Red supergiant stars are quiet and peaceful before exploding into a Type II supernova — but not this one. Observation is important because it suggests that some supergiant stars experience significant internal changes before they become supernovae
The Type II supernova was discovered on September 16, 2020, but astronomers have already monitored significant activity before the explosion during the previous 130 days. At the WM Keck Observatory Media Release, Raffaella Margutti, an associate professor of astronomy at the University of California, Berkeley, said it was “like watching a time bomb.”
Type II supernovae are the result of a sudden collapse and violent explosion of massive stars. Only stars between eight and about 40 stellar masses go through this form of death. “We’ve never confirmed such violent activity in a dying red supergiant star where we see it producing such a dazzling emission, then collapse and burning, so far,” said Margutti, senior author of the new study, published in the Astronomical Journal.
Indeed, rare observations shed new light on the conditions and processes involved in type II supernovae. “This is an advance in our understanding of what massive stars do moments before they die,” said Wynn Jacobson-Galán, lead author of the study and astronomer at the University of California, Berkeley. “Direct detection of pre-supernova activity in a red supergiant star has never been observed before in a common type II supernova.”
The explosion, designated SN 2020tlf, was detected by the Young Supernova Experiment transient research, the purpose of which is to “find statistical samples of young, red and rare transient phenomena.” [i.e. short-lived celestial events], better understand the variability of the black hole and limit the fundamental cosmological parameters of the universe. ”
The team used the Pan-STARRS telescope and the WM Keck Observatory, both in Hawaii, to observe the red supergiant and supernovae afterwards. Pan-STARRS, for a period of approximately 130 days, monitored huge amounts of radiation emanating from the red supergiant, while Keck, with its low-resolution recording spectrometer, monitored the supernova’s first flash, initial spectra and behavior after the supernova.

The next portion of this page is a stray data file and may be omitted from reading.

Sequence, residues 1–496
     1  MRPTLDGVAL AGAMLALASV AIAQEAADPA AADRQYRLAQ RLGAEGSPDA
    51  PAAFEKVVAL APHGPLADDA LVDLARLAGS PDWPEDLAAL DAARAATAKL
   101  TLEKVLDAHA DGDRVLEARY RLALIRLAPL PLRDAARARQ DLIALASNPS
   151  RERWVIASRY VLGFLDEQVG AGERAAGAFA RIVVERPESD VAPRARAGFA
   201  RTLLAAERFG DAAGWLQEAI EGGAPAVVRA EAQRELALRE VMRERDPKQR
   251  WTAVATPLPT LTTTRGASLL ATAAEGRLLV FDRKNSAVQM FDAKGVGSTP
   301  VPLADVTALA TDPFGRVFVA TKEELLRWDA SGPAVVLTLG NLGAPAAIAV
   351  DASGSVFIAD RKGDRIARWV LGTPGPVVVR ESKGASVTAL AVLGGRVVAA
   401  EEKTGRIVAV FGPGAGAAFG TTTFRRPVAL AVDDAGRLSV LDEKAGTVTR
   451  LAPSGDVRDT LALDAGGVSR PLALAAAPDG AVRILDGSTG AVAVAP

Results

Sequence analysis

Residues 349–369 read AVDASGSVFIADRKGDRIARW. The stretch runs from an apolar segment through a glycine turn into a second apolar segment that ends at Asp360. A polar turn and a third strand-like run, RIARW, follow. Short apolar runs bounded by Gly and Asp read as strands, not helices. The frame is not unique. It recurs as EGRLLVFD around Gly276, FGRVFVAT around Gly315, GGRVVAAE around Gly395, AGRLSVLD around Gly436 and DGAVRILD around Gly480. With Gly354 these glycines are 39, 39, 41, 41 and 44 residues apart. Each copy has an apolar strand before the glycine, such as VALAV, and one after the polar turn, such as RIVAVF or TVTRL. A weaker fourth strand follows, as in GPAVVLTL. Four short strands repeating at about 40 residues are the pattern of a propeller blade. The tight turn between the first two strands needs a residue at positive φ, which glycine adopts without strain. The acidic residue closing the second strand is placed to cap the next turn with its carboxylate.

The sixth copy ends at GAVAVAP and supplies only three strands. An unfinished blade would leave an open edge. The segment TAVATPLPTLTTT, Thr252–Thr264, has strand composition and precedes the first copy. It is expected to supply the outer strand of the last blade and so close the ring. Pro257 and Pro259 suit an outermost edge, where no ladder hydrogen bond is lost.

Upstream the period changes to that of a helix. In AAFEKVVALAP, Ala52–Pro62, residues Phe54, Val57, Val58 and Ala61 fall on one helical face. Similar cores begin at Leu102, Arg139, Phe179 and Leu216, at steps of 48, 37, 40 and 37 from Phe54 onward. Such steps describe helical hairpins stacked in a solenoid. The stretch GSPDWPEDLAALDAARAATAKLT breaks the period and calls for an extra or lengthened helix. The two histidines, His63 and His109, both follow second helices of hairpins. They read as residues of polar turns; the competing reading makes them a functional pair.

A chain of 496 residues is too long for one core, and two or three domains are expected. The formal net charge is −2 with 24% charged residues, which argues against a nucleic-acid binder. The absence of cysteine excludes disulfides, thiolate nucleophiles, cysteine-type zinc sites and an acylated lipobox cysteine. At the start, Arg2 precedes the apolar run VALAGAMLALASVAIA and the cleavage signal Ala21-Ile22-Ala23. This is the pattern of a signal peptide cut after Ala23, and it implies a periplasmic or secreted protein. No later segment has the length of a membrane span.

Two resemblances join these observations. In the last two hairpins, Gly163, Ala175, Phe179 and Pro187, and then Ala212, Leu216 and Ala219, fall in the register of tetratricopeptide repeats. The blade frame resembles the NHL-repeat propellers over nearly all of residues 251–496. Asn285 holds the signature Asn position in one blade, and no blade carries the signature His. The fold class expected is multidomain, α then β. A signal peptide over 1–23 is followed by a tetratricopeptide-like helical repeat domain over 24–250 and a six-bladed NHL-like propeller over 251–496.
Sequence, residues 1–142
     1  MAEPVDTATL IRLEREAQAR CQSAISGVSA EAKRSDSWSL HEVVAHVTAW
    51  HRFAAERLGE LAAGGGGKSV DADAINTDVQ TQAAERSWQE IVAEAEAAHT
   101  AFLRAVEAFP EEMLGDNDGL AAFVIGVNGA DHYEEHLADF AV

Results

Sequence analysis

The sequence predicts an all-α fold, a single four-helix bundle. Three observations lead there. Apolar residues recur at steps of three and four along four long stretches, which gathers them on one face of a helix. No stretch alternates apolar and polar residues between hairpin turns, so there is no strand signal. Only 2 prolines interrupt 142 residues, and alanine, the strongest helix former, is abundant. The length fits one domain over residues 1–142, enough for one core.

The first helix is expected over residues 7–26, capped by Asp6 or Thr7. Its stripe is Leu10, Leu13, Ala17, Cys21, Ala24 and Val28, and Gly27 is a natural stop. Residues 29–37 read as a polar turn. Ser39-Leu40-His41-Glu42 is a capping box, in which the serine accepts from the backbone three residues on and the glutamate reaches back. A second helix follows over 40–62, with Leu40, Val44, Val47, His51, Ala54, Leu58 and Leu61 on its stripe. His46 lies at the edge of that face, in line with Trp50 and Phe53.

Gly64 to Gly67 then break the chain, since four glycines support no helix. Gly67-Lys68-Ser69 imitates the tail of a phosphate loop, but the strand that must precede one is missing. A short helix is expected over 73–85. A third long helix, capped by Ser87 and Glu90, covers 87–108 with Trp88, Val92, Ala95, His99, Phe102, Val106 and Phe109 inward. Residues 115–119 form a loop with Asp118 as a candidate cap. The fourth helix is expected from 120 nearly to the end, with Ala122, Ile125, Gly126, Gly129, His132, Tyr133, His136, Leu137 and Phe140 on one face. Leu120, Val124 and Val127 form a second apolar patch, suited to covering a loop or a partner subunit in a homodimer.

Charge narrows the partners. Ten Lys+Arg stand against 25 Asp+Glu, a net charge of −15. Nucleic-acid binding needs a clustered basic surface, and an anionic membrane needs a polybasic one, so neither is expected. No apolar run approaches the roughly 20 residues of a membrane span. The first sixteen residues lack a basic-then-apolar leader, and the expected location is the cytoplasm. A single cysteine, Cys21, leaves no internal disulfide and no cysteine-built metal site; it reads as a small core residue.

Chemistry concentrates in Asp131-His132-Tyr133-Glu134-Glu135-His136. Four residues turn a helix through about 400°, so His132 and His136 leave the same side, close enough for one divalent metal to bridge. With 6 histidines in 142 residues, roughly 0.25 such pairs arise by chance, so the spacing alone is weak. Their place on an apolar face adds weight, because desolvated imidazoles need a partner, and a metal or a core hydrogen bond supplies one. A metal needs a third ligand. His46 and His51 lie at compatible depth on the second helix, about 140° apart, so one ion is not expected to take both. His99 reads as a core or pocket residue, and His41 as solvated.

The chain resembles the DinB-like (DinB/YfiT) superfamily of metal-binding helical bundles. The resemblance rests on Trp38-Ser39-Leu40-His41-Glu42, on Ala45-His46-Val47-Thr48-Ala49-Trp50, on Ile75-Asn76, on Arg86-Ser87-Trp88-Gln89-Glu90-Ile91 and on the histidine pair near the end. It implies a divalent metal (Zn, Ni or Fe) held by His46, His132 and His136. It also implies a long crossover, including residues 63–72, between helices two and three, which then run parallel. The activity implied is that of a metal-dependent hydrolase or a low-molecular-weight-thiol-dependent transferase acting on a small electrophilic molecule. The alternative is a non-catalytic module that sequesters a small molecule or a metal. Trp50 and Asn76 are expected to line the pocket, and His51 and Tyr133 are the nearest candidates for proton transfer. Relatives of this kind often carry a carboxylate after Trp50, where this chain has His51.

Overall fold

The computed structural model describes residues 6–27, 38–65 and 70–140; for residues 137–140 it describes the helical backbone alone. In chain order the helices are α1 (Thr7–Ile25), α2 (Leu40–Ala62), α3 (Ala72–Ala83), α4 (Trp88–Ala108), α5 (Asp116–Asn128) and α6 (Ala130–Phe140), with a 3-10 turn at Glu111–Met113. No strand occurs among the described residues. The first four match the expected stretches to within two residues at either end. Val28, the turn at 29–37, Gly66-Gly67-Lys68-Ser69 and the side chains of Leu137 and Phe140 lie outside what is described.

SN 2020tlf is located 120 million light years from us in the galaxy NGC 5731. The doomed star, estimated at 10 to 12 solar masses, was surrounded by dense stellar material before and during the explosion, according to a new study.
A new observation suggests that some supergiant stars experienced violent eruptions and bright explosions in the months and weeks before they became supernovae. Previous observations have suggested a period of lull before the storm, but not all supergiant stars experience the same way, new data show.
Detection of “precursor emission”, as described in the paper, combined with the presence of thick stellar material, suggests that some kind of physical mechanism is responsible for the observed loss of mass and luster. At the same time, the bright radiation produced by the red supergiant during its last months “suggests that at least some of these stars must undergo significant changes in their internal structure that then result in violent gas emissions in moments before they collapse,” the press release said.
Looking ahead, researchers with the Young Supernova experiment will now look for other examples of bright radiation coming from red superdons, and will then link this behavior to impending supernova explosions.
“I am most excited about all the new‘ unknowns ’unlocked by this discovery,” Jacobson-Galán said. “Discovering more events like SN 2020tlf will dramatically affect how we define the final months of stellar evolution, uniting observers and theorists looking to solve the mystery of how massive stars spend the last moments of their lives.”